Phillip K. Dick is my favorite science fiction writer that a lot of people have never heard of but most of us have seen a story by. If you loved the film Bladerunner or Total Recall, you can thank Phillip K. Dick. Total Recall is based on a short story called We Can Remember It for You Wholesale while Bladerunner is based on Do Androids Dream of Electric Sheep? Okay, so maybe Dick is not the best at good titles for his stories, but they are always odd and interesting and tend to influence a ton of science fiction storytelling both in literature and film. Lies Inc. is about an overpopulated Earth where people get teleported to Whale’s Mouth, an allegedly pristine new home for happy and industrious emigres. It’s supposed to be an examination of totalitarianism, reality and hallucination. To me it sounds highly relevant to our time period and I am very curious to find out.

6. The Fifth Season by N.K. Jemisin

Honestly, I am not sure if I will make it to this one in the month of July but I am going to try. If I don’t make it, this will be at the top of the August TBR list for me.

This is the first in the Broken Earth series and won the Hugo award. It’s the story of how the world ends, for the final time. I’ve heard a lot of great things about this series but I haven’t ever had the chance to pick it up until now. I’m looking forward to it. The author says she likes to write about ordinary people in extraordinary situations and I really want to see how that is handled because that can either be done extremely well or extremely poorly in fiction. From all the accolades that the series has gotten, I am betting this is done extremely well.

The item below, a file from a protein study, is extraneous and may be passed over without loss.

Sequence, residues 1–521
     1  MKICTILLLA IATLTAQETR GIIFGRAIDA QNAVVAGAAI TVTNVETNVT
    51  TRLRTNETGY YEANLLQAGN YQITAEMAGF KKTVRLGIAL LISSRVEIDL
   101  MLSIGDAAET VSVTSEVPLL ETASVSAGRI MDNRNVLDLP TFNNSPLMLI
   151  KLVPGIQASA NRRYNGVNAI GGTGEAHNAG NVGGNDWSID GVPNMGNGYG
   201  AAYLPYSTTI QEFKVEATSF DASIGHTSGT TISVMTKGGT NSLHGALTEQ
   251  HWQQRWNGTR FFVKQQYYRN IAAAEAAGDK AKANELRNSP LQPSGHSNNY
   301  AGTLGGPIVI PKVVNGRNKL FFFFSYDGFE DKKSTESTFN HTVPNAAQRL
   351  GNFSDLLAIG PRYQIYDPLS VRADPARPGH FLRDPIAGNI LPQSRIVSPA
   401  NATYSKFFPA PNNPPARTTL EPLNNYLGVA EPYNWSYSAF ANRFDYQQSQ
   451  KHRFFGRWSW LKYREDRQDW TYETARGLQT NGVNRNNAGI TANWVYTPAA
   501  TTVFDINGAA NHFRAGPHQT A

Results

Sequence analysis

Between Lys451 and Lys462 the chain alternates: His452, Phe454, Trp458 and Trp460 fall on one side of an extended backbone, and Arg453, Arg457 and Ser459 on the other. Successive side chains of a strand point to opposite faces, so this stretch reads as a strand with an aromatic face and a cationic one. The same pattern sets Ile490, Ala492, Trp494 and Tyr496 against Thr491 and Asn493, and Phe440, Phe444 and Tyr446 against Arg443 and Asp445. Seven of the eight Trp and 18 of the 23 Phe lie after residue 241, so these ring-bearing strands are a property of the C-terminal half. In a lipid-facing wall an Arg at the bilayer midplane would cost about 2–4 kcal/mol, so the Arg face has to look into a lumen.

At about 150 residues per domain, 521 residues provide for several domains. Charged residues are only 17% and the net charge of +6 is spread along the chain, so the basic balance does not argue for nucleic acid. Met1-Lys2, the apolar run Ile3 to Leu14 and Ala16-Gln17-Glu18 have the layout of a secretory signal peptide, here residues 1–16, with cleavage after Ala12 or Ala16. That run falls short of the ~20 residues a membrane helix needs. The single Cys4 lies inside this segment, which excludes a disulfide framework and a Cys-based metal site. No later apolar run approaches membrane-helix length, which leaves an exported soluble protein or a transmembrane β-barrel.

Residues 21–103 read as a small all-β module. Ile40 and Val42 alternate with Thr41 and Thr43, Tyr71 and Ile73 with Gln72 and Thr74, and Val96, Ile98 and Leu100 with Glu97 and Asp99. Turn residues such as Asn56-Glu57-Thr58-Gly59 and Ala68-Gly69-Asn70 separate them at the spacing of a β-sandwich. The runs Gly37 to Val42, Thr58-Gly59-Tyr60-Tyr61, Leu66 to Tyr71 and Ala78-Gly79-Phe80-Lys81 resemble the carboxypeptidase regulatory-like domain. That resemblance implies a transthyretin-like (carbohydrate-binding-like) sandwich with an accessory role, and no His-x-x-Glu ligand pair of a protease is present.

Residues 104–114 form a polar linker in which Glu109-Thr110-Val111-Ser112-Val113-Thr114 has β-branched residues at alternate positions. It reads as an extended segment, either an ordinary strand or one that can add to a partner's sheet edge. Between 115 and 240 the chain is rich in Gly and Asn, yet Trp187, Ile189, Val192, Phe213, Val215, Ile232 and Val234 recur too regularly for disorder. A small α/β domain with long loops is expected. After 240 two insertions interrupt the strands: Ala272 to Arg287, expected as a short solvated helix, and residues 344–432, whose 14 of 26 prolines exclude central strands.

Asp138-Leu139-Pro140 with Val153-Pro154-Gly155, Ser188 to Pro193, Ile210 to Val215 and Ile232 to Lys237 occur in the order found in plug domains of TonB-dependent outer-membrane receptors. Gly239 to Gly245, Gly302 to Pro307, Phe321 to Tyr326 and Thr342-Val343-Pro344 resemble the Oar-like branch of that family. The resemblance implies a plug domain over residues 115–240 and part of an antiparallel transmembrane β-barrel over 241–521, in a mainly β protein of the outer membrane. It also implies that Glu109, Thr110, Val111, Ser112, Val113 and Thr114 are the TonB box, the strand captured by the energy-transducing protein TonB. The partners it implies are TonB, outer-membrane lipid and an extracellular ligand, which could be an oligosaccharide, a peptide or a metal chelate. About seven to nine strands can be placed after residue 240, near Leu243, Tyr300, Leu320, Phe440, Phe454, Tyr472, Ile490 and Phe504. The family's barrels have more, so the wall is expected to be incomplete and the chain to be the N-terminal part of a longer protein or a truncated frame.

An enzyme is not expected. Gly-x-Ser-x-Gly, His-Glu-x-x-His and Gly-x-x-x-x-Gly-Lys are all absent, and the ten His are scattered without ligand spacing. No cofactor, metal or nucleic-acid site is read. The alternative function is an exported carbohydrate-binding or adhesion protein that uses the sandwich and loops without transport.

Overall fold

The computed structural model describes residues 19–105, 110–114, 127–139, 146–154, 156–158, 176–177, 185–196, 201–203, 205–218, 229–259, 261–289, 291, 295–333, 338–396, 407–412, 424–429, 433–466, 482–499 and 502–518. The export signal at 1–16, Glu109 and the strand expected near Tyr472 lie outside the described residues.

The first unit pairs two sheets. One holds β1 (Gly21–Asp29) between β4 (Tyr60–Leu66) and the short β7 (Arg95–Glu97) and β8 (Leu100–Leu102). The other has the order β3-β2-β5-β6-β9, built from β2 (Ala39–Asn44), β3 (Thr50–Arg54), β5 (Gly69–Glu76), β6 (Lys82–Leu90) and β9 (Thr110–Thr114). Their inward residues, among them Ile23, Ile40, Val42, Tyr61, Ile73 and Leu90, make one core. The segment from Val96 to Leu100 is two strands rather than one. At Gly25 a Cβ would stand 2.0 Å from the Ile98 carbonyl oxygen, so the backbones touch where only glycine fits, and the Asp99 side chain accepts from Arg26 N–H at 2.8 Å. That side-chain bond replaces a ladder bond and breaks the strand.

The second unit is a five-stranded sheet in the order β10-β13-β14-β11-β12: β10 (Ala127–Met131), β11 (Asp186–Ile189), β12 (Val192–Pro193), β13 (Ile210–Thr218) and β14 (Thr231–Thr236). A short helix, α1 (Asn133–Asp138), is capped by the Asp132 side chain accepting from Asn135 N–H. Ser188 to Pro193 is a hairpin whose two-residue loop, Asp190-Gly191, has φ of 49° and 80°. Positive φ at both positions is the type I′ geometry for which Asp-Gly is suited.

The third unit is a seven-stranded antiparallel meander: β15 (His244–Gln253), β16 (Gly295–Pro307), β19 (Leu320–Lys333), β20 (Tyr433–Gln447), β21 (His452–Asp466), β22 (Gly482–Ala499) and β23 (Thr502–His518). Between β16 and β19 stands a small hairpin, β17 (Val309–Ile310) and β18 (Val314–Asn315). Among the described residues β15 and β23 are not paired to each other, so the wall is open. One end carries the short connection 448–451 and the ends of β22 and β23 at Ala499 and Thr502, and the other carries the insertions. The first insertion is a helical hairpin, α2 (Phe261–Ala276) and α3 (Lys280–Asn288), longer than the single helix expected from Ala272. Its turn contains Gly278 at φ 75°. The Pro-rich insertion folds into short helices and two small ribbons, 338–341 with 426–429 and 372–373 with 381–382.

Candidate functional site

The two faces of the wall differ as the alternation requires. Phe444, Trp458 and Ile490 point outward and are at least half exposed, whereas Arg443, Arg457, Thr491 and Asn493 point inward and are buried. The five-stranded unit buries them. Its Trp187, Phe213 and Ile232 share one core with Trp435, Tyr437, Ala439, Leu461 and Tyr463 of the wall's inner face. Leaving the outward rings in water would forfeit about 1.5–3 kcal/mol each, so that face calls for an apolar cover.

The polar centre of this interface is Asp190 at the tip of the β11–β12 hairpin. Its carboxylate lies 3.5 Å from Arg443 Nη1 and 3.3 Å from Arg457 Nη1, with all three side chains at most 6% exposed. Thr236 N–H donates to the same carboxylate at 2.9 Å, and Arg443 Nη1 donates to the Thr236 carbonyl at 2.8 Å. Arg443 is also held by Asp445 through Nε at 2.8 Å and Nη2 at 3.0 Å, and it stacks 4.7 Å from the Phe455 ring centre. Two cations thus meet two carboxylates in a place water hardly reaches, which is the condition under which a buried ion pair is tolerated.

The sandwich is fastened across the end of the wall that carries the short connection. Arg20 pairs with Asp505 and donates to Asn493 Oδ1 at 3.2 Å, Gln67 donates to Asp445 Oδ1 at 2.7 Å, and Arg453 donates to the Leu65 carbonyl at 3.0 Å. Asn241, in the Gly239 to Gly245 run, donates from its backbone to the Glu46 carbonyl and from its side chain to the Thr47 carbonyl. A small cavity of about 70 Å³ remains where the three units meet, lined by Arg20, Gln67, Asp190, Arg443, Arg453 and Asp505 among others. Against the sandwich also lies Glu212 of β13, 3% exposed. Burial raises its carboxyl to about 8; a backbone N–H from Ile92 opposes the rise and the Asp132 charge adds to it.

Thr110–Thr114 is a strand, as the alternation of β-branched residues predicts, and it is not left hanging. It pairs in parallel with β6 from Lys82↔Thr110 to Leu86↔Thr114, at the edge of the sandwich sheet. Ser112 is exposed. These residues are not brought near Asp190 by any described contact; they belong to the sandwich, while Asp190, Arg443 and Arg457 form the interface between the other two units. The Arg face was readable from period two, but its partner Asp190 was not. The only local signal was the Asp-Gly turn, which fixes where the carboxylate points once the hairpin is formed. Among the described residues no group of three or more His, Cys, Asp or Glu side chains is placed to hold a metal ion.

Well, there you have it, that’s my list for the month. I am unfortunately one of those people who absolutely loves long books, long series, and is also a slow reader. It makes for a hard life but a lot of time spent enjoying good books.

Let me know what you think of my list and if you have a TBR I should check out, let me know in the comments!

Bookishly yours,

Slick Dungeon

This page contains affiliate links. If you purchase a product through one of them, I will receive a commission (at no additional cost to you). I only ever endorse products I have personally used. Thank you for your support!

Out of my comfort zone ~ book tag

I have never done one of these book tags before but this one seemed fun so here’s mine.

  • A book that is an exception when it comes to genres or elements you don’t typically like

The Color Purple is a book that is written through letters and notes and I usually can’t stand that kind of thing. But in this book, it’s done beautifully and I wouldn’t change a word. I’m glad I gave it a try and found something excellent to read.

  • A book you enjoyed from a genre you previously held some stigma against

Lonesome Dove is basically a western and I almost never read westerns. I’m too much of a city person to relate usually but this one kept my interest the whole time and it was worth the effort, teaching me that, yes, there are westerns worth reading.

  • A book you didn’t know was out of your comfort zone until you started reading it